Our students were first taught by their families and that education carries on.  Now, it is our job to work together to help every student move forward in their academics and character education.  Each week, we have new words of the week to help foster a community of learners who value each other.  The last word before the new year is generosity.  Generosity doesn’t have to solely relate to money or wealth.  It can also represent time, effort, love, kindness, and understanding.  These are all attributes that we want every student at Woodbrook have before moving on to middle school.  

The coming year will bring many exciting changes to Woodbrook.  Some of those changes will take hold before the 2017-2018 school year comes to a close.  For example, it is likely that the new gymnasium and open-space classroom in the back will be ready in the spring.  This will enable our staff to utilize those spaces as a training ground for the upcoming school year.  Over the past 6 months, many Woodbrook teachers have traveled to see similar classrooms across the country.  Recently, we took a team of 10 Woodbrook teachers and travelled to the Northeast to see multiage schools and to learn from educators who are teaching in multi-age classrooms.  Those trips will continue in 2018 so that more staff has an opportunity to see these spaces at work.  In addition, Michael Thornton will be leading professional development sessions on co-teaching and multiage education.  We know that many of our families want to learn more about the multi-age and open space instructional approach. We hope that once everyone returns from break, you will consider dropping in to visit our classrooms so that you can see first hand what teaching and learning looks like in this kind of environment. If this sounds like something that you are interested in doing, please feel to reach out to the administrative team to arrange for a visit. We know we have a long way to go but we believe in this work and will continue learn and grow in order to make our school a success.  John Dewey said, “Education, therefore, is the process of living and not a preparation for future living.”  We are looking into the future to prepare for what will be but we are also looking in the mirror to see what is.  Happy Holidays to all and we will see in you 2018.  Happy New Year!!

Principal                Assistant Principal
Lisa Molinaro         Michael Thornton

Tuesday, October 31, 2017


Kindergarten students "Making" and critically thinking about how to get an apple from a tree without climbing

Connecting with the School Community and Beyond

Over the last few weeks, Woodbrook and the Woodbrook PTO has hosted numerous events to bring the community into our school.  Whether is was a PTO Family Dinner Night, Book Fair, a school-wide morning meeting open to the community, a grade-level learning event, or a field trip, we, as school leaders, know the importance of having a school with open doors.  We want parents and local community members to feel at home at Woodbrook. Even a local news TV station, CBS 19, did a story on our school community raising money for a high school in Houston,  Their school was horribly damaged from a recent hurricane. The first night of a parent-teacher conferences went very well.  It is great to have parents come in and talk with the teachers and their children about their journey at Woodbrook.  There will be more on Student Led Conferences in a future blog post.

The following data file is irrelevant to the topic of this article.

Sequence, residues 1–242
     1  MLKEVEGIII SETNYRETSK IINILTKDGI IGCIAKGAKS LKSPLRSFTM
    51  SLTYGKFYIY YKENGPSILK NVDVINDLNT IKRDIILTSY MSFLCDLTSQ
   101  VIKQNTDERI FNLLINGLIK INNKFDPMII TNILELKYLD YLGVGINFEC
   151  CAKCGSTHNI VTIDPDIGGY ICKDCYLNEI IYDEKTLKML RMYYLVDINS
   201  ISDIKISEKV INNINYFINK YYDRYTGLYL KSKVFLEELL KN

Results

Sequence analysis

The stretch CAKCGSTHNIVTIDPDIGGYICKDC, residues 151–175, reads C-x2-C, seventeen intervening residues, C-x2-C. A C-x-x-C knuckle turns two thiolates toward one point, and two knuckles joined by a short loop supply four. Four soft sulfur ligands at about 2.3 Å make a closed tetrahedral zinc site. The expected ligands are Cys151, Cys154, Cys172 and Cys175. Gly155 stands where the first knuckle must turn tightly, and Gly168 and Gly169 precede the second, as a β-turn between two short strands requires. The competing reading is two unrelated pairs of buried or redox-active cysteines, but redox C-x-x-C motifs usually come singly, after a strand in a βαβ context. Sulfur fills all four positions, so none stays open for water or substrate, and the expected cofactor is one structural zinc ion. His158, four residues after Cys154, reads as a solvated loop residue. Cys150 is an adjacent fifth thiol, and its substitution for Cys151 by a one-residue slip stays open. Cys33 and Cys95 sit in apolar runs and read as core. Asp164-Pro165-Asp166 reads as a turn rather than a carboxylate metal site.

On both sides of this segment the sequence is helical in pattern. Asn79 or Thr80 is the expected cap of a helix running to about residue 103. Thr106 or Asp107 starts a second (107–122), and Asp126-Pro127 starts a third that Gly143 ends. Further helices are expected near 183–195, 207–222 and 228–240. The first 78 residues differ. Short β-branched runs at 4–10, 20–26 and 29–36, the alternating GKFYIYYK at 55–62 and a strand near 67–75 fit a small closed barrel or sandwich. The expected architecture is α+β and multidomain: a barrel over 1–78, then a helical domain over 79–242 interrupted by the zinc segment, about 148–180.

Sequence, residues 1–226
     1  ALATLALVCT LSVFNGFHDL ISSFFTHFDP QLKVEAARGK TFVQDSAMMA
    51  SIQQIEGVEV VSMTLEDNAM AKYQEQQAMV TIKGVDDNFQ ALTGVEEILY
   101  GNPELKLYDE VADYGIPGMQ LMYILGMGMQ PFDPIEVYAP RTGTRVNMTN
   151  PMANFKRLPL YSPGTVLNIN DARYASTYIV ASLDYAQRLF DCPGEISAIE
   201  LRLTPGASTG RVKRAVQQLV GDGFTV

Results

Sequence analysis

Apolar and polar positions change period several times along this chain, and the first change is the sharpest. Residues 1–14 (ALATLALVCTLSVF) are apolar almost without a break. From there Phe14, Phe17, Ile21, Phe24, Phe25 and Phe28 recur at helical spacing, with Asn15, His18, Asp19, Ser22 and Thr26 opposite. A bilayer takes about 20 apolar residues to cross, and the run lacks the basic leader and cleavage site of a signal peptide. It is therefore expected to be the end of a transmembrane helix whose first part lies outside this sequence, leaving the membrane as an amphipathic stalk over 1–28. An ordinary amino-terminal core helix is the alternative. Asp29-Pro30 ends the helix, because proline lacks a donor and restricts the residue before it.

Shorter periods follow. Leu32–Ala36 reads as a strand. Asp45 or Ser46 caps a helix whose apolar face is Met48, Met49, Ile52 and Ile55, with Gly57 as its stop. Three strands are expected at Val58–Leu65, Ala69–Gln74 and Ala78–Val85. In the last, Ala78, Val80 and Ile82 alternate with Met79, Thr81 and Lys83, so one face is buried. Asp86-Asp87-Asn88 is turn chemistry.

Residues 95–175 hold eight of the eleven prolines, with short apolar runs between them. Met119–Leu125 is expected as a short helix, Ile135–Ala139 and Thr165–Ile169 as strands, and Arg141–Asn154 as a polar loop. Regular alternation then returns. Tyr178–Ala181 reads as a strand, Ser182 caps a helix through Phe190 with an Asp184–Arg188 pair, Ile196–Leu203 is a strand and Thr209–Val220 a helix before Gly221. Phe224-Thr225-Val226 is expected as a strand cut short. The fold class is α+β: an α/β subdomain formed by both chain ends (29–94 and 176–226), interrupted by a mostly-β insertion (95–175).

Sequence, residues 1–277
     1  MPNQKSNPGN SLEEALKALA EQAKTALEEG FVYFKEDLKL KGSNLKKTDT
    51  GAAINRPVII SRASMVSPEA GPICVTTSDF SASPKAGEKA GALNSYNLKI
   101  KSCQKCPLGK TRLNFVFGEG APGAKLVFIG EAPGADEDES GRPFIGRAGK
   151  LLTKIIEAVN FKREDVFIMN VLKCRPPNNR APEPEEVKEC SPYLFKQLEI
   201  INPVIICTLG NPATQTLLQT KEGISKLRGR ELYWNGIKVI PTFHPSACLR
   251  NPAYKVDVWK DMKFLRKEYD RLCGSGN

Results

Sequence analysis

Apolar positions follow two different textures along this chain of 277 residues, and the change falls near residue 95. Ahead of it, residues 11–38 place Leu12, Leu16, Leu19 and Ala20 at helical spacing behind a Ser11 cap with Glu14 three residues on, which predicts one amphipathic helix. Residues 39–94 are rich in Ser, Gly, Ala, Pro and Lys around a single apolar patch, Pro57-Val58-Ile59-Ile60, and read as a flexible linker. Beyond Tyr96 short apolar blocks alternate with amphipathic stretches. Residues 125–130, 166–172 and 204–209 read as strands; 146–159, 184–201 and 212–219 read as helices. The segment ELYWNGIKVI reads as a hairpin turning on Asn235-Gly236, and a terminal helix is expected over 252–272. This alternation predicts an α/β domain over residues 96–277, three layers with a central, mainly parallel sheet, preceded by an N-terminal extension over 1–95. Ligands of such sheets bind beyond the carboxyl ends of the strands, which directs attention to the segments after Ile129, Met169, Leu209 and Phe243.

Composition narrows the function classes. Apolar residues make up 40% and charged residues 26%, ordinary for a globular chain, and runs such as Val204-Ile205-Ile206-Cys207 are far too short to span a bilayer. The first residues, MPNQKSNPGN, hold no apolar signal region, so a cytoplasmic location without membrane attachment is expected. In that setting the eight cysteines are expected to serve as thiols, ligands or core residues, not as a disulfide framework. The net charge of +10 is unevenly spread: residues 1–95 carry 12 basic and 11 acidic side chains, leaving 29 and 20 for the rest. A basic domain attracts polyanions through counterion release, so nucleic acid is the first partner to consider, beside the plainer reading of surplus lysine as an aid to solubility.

Also, we were fortunate to have Virginia Delegate David Toscano visited our 1/2 multiage classroom to learn more about the YouVille project they are completing.  The second grade and 1/2 multiage project concluded with a student success night on Monday, October 30th.  Parents came and learned about all the cool projects the students had put together.

At our first school-wide morning meeting, we had community members celebrating with us.  We Skyped with a high school in Houston, Texas that had been hurt by the hurricane.  Our school community raised money to help them.

Skyping with high school in Houston

PTO Family Dinner Night

4/5 multiage trip to Monticello. Parents attended the trip and learned along with the students.
Global Maker Day

Global Maker Day was on October 24.  It was a lot of fun.  For us, it was a pleasure to walk the school and see all the creative learning opportunities happening throughout the school.  When students are given a chance to be think critically while being creative, magic can happen.  The pictures below and the video are great examples of this.

Video of student in second grade making a homemade fidget spinner.  
Build a Rectangular Prism: Starbucks on wheels...yes please.  Critical thinking!!! 

4/5 students were asked to make a rectangular prism.

Learning with Mr. Thornton on how to use Audacity in the classroom.  Trying to make music. 

Making a mix-matched animal

1st grade students are working on building their community: Charlottesville

This week in the classroom...